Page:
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April 10, 2013, 12:00 AM | posted by in Filmmakers
It’s been more than twenty years since Candice Bergen’s fictional alter-ego, Murphy Brown, shook the nation by becoming television’s most prominent single mother. Now, with “First Comes Love,” documentarian Nina Davenport may be about to shake things up again.
The film chronicles her very personal journey as she decided that it was time to become a mother, and made it happen with the same drive and energy that she’s applied to all of the other goals she’s set for herself in her life.
“When I found myself forty-one, single, and considering having a baby on my own,” she explains, “I thought, ‘well, I have to make a film about it.’ How could I not?”
Intensely personal documentaries are characteristic of Davenport’s work. She studied film at Harvard, under Ross McElwee and Rob Moss. Although she rebelled against some of their ideas in her first film,“Hello Photo,” she quickly realized that the presence of a camera always changed the dynamic of the scenes she filmed. She would always be a subject of such films, no matter how invisible she tried to make herself and the camera. Once she adjusted to that idea, her films became far more personal, chronicling a post-9/11 road trip across America in “Parallel Lines” and her struggle with traditional relationship expectations in “Always a Bridesmaid.” This film, though, is by far her most personal.
“I think showing yourself giving birth is about as personal as it gets!” she laughs.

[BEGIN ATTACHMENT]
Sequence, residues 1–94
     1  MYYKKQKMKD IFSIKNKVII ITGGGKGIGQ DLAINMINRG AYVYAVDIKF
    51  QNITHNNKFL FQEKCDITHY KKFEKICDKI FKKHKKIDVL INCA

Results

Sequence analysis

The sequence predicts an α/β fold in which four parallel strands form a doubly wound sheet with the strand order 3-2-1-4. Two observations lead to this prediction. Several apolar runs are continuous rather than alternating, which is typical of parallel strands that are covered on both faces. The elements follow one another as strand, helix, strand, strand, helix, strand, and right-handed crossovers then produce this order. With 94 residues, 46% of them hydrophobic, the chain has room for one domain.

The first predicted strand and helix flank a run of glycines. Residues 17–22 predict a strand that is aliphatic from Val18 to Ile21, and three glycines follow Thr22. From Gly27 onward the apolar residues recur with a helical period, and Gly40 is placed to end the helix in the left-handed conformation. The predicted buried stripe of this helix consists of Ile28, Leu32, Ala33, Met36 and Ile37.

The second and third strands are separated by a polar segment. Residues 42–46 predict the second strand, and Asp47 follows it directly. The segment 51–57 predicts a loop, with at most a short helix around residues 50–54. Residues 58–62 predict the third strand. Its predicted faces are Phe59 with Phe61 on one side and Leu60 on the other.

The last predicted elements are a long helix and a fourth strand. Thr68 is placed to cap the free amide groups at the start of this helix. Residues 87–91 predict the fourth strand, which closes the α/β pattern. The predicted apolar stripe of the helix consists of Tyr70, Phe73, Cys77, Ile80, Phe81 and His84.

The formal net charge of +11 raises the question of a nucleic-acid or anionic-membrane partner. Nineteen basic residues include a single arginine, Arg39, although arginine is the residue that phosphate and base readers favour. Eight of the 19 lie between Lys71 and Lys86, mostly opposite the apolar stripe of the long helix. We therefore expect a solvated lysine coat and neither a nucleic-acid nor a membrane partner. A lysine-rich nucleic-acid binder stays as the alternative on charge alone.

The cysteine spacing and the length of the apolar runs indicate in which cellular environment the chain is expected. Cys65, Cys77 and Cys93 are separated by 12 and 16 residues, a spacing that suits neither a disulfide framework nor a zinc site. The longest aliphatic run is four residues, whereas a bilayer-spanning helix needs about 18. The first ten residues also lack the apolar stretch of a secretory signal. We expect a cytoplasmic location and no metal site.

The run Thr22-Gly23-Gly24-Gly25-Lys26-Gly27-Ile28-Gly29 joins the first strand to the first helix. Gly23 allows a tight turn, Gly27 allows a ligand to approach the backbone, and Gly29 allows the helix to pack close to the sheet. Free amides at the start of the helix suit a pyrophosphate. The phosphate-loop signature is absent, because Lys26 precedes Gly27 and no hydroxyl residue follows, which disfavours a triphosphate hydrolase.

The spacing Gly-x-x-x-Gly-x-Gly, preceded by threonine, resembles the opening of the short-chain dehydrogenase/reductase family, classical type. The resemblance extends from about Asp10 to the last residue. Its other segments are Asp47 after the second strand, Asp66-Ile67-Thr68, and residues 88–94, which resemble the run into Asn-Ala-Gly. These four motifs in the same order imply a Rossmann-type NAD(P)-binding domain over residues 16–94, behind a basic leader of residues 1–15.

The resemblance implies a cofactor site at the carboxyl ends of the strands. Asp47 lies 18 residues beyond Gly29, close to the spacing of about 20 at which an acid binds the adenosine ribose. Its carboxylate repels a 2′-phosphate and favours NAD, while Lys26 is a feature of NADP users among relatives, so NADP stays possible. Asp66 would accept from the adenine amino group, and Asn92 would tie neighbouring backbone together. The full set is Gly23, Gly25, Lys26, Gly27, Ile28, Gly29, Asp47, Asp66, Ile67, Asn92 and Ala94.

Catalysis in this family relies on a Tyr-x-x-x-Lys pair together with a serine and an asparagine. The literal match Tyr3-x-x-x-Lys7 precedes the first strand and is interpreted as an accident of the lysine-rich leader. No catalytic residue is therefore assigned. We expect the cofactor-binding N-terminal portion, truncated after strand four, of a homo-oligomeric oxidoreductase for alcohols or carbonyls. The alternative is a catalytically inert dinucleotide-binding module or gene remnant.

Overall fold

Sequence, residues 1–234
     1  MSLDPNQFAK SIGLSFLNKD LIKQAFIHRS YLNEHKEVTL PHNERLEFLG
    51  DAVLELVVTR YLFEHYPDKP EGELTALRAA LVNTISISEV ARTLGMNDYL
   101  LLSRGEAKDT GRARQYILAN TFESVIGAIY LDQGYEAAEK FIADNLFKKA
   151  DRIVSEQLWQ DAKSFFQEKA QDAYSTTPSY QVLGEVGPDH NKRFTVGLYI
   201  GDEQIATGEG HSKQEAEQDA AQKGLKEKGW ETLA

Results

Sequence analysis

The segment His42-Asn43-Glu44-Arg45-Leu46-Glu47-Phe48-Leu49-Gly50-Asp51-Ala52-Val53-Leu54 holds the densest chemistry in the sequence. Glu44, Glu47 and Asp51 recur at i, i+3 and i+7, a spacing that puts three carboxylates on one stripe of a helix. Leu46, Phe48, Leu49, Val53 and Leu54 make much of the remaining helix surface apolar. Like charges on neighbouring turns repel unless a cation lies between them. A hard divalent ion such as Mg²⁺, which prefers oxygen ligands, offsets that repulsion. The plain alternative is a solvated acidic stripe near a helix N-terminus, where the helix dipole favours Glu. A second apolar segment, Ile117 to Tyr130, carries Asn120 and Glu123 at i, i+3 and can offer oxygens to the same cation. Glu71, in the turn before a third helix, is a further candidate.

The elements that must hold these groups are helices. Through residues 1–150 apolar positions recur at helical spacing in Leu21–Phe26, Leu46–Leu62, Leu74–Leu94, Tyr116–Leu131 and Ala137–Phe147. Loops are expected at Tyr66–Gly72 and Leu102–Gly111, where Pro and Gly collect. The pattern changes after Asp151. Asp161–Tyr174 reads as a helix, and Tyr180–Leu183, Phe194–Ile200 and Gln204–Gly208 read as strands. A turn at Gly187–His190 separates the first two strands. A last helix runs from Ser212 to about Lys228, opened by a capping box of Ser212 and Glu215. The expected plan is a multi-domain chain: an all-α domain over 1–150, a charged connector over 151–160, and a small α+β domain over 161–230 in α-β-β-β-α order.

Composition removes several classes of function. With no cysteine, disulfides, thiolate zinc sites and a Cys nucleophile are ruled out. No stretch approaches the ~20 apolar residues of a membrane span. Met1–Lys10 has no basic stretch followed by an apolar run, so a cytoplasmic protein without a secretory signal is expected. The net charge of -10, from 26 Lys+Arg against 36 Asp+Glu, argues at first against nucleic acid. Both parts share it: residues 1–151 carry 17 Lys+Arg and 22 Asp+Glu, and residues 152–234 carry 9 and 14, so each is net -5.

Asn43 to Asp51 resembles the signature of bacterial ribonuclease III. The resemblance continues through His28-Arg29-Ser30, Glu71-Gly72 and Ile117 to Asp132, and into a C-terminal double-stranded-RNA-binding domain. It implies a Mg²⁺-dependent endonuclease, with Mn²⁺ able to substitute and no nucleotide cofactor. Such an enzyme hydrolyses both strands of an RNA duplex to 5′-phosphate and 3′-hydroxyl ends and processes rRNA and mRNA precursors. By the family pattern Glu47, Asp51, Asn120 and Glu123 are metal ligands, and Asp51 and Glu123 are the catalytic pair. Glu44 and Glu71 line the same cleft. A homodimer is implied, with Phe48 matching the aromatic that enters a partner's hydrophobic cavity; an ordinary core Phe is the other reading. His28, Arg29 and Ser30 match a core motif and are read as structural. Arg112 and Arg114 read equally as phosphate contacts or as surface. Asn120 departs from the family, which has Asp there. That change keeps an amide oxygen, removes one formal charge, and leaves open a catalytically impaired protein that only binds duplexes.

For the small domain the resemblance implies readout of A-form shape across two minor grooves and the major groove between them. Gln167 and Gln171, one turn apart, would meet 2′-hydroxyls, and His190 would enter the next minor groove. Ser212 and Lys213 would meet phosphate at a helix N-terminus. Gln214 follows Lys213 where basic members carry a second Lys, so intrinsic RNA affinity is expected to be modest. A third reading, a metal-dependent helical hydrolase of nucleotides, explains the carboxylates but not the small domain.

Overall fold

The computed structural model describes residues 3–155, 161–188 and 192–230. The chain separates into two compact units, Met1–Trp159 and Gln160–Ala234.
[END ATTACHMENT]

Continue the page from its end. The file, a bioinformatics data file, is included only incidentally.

But she hopes that the prospect of that won’t make people shy away; this isn’t just a film for mothers.
“It actually gets into all sorts of very universal themes such as how parents and children relate, the meaning of friendship, the meaning of family,” she points out. “I have found that everybody finds a way into the film, because it touches on so many different themes.”
She hopes that they will find it inspirational, as well.
“Everybody’s talking about how the definition of modern family is changing,” she reflects. “I think depicting an alternative family in a positive light is useful, because not everybody is going to find their idealized version of family.”
Women of Davenport’s generation, after all, were under a lot of pressure to establish traditional families as well as careers, even if they weren’t necessarily compatible.
“If I had felt that it was a viable, good option all along to do something that was not the conventional path,” she adds, “I would have been under a lot less pressure, and therefore been happier. So I felt like this could inspire people, not necessarily to do what I did, but to feel like there’s lots of different pathways to finding family and finding happiness.”
Photo by George F. Gund.
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